Rear seats in both the King Cab and Crew Cab fold up, and the front passenger seat folds flat, to create cargo space.

Interior

For 2009, parts of the instrument panel are new, in particular the HVAC control knobs and white-faced gauges. The standard seat fabric is also new, with perforated leather optional; the leather is excellent but the fabric is rugged and eminently livable, although we dropped a dollop of a Subway foot-long on it and it and the stain wouldn't go away with just a napkin and spit (upholstery cleaner got it later).

The PRO-4X, our test model for one week, has cool red stitching on its own black fabric. The bucket seats fit well; hours could be spent in them pleasurably, presuming they're not all off-road hours, but even if they were, the PRO-4X would make the time bearable on the backbone.

The front seat layout is excellent, with a console having gauges that are attractive and easy to read, and controls that are easy to operate. The center console is deep, while there are cubbies forward of the shift lever, cupholders galore, good armrests and door handles, and a double glovebox that opens up and down. A nice steering wheel has optional controls and short sturdy stalks. Good grab handles on the A pillars. The vinyl dashboard is ugly in brown, but just fine in black.

Options include an eight-way power driver's seat, four-way power passenger's seat, heated front seats, dual heated outside mirrors, and more.

We spent some time in a regular Crew Cab as well. Passengers back there will have a good time, especially if they're under an optional moonroof. They'll have cupholders, map pockets, grab handles, and an optional folding center armrest, although not a lot of knee room.

Rear seats in both the King Cab and Crew Cab fold up, and the front passenger seat folds flat, to create cargo space.

Driving Impressions

We got into the Nissan Frontier after stepping out of a full-size Titan, and we must say that the Frontier made the Titan feel huge. And for the week we were in the Frontier, it never felt too small. So we might suggest that the first things you should consider in choosing a Frontier (or any truck) are the size of the bed you need, and the seating capacity. (That's assuming you don't need the full-size Titan for towing.) Remember that tailgate extenders are available, if you occasionally need a longer bed to haul things.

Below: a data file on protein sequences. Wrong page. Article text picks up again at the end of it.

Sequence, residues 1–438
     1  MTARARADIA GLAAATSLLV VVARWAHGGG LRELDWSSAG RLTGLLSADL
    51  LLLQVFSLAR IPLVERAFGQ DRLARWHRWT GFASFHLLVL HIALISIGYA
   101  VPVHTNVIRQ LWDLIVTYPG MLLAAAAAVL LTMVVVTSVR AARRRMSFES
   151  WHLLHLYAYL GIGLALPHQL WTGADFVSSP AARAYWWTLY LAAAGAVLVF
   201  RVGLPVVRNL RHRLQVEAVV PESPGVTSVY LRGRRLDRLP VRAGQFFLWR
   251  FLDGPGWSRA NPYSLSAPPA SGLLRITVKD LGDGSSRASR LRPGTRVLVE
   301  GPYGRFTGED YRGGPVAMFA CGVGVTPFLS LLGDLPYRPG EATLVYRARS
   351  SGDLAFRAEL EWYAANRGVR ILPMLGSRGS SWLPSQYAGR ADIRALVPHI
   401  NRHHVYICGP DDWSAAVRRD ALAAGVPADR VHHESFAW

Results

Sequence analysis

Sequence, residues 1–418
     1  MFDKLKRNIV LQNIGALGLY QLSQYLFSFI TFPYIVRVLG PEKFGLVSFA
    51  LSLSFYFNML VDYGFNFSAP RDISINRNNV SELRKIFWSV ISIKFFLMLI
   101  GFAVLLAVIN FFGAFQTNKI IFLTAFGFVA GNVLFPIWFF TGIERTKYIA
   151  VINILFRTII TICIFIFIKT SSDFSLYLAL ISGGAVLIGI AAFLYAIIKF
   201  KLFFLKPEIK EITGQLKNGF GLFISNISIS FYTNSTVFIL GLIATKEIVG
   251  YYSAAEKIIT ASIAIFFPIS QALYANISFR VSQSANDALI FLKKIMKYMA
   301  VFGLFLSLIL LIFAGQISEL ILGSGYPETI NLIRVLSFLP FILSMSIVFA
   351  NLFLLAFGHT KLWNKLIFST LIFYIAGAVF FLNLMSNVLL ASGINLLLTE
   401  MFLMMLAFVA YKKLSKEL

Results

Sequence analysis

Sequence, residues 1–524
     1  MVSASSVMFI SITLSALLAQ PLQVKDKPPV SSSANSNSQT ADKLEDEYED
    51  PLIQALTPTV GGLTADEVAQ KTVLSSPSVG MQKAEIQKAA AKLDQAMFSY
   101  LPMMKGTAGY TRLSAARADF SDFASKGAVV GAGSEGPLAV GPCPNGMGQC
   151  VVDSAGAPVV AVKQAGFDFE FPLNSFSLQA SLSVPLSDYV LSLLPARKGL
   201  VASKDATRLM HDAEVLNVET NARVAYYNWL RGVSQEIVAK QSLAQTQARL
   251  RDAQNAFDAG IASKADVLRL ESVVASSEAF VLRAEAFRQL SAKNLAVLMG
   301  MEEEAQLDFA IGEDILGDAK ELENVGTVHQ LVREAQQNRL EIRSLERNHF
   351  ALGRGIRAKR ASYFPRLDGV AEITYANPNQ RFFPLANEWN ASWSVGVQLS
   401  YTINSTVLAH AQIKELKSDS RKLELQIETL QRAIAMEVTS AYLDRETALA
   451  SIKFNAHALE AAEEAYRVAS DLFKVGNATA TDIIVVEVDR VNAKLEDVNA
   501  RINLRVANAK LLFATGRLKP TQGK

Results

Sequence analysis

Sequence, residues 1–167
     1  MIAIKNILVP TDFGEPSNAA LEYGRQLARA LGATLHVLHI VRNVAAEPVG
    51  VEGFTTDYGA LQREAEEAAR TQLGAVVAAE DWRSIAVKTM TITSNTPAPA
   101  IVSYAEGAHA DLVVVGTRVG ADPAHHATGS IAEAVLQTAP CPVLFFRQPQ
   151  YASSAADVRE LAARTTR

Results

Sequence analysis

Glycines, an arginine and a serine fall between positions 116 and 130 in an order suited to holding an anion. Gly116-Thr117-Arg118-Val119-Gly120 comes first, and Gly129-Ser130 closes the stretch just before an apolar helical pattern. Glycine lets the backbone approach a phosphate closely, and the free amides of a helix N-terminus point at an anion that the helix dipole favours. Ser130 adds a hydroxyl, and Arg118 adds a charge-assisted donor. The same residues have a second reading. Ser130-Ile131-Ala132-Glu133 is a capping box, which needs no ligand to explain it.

On the road, the award-winning, all-aluminum DOHC V6 engine has very strong acceleration when you put your foot down. As it should, given 261 horsepower. At 4.0 liters, it's a stroked version of the award-winning 3.5-liter that's used in the 350Z sports car and other Nissans. It has all the right stuff: aluminum block and heads, Teflon-coated pistons, Continuous Valve Timing Control (CVTCS), Nissan variable Induction Control System (NICS), silent timing chain and micro finished camshaft and crankshaft surfaces, digital knock control system, and 105,000-mile spark plugs.

There's 281 pound-feet of torque, but it is isn't fully there at lower rpm, so you do have to put your foot down to find all the power, and that doesn't come without a price in fuel efficiency. The PRO-4X gets 15 City and 19 Highway miles per gallon, which is no more than the full-size Dodge Ram pickup with a 390-horsepower Hemi V8 engine.

The four-cylinder engine with manual transmission gets an EPA-rated 19/23 mpg. It's available in a nicely equipped SE King Cab, so this might be an option.

The five-speed automatic transmission shifts in and out of fifth gear frequently, even at fairly low speeds during casual driving, but always smoothly and often invisibly. A manual mode would be useful, but isn't available.